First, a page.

Abstract and Keywords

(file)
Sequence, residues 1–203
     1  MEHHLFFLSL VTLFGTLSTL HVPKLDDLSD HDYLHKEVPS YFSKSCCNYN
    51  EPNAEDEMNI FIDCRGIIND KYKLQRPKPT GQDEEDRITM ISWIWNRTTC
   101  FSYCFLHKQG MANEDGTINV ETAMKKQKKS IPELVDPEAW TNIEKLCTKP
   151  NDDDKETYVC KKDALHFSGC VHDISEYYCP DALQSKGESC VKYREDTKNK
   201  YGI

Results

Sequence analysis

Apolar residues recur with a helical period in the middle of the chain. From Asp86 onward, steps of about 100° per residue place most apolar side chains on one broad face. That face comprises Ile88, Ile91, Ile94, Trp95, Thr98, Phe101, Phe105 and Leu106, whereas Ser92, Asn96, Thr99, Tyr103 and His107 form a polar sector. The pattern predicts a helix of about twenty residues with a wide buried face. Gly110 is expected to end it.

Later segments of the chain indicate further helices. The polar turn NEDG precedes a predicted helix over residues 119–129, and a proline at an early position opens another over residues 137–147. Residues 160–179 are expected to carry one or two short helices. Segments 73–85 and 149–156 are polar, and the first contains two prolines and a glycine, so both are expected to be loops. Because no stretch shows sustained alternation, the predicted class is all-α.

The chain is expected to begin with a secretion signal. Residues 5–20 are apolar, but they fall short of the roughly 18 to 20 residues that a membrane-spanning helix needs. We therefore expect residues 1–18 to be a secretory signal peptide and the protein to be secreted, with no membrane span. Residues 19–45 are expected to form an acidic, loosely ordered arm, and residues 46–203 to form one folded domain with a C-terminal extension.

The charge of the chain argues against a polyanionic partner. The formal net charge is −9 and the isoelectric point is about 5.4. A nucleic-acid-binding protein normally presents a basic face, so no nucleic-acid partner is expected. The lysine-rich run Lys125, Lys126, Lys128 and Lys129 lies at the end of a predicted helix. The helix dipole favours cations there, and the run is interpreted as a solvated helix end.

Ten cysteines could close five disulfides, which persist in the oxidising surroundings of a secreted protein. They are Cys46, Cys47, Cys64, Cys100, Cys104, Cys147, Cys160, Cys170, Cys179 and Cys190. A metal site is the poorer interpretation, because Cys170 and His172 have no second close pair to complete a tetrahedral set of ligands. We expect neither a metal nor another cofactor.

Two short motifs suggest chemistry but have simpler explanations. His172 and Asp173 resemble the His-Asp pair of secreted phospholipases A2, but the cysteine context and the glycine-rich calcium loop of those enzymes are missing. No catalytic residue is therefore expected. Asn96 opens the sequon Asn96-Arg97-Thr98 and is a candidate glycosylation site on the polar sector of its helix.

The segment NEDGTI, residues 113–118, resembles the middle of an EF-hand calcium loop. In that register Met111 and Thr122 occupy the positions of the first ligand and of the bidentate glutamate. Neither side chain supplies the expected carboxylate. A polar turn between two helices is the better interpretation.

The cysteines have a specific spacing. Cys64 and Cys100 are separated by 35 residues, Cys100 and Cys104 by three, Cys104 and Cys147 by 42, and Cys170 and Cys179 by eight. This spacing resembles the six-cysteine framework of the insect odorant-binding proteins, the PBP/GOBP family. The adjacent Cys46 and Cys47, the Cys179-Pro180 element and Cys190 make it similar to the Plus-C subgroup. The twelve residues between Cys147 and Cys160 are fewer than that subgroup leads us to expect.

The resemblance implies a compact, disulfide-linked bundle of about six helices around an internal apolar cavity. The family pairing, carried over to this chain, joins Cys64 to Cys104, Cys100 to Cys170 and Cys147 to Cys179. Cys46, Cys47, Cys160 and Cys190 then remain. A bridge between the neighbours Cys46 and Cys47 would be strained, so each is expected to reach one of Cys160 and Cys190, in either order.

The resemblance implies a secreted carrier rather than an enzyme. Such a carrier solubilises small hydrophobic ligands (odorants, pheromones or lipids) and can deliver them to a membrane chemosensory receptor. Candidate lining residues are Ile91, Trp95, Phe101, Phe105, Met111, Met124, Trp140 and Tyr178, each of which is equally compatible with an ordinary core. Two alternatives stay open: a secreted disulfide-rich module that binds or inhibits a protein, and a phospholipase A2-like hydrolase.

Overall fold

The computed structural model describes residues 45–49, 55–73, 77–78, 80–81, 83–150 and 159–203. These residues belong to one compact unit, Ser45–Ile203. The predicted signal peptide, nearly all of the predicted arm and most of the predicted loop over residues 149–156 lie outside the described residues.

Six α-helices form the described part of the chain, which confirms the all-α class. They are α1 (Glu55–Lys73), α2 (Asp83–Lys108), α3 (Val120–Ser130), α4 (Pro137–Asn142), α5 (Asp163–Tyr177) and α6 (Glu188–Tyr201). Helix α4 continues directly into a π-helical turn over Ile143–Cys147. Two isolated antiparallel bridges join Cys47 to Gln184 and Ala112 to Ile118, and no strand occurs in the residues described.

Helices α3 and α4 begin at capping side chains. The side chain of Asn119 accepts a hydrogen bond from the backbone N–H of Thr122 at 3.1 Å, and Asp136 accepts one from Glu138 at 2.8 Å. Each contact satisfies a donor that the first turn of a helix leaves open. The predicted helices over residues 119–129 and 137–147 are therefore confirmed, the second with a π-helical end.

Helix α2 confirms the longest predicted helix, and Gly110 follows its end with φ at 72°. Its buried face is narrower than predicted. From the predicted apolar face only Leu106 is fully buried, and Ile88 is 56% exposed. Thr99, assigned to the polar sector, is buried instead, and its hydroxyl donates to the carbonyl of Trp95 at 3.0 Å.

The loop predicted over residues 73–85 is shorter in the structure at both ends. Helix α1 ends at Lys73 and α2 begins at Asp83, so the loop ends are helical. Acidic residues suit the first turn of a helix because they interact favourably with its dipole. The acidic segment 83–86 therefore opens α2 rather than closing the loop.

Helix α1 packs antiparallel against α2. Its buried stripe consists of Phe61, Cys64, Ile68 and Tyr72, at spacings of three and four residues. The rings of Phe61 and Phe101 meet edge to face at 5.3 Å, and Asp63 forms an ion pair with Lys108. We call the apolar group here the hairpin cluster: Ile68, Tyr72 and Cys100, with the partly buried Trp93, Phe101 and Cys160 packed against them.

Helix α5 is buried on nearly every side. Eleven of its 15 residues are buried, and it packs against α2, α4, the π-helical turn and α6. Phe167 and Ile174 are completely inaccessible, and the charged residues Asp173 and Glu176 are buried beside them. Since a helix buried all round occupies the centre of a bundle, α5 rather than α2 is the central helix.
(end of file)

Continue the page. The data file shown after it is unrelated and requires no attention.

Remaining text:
Linguistic relativity (also known as the Sapir-Whorf Hypothesis) is a general cover term for the conjunction of two basic notions. The first notion is that languages are relative, that is, that they vary in their expression of concepts in noteworthy ways. The second notion is that the linguistic expression of concepts has some degree of influence over conceptualization in cognitive domains, which need not necessarily be linguistically mediated. This article explores the treatment of linguistic relativity within works generally representative of cognitive linguistics and presents a survey of classic and more modern (pre- and post-1980s) research within linguistics, anthropology, and psychology. First, it provides a brief overview of the history of linguistic relativity theorizing from Wilhelm von Humboldt through to Benjamin Whorf. It then discusses the role of literacy to cognitive and cultural development, folk classification, and formulations of linguistic relativity.
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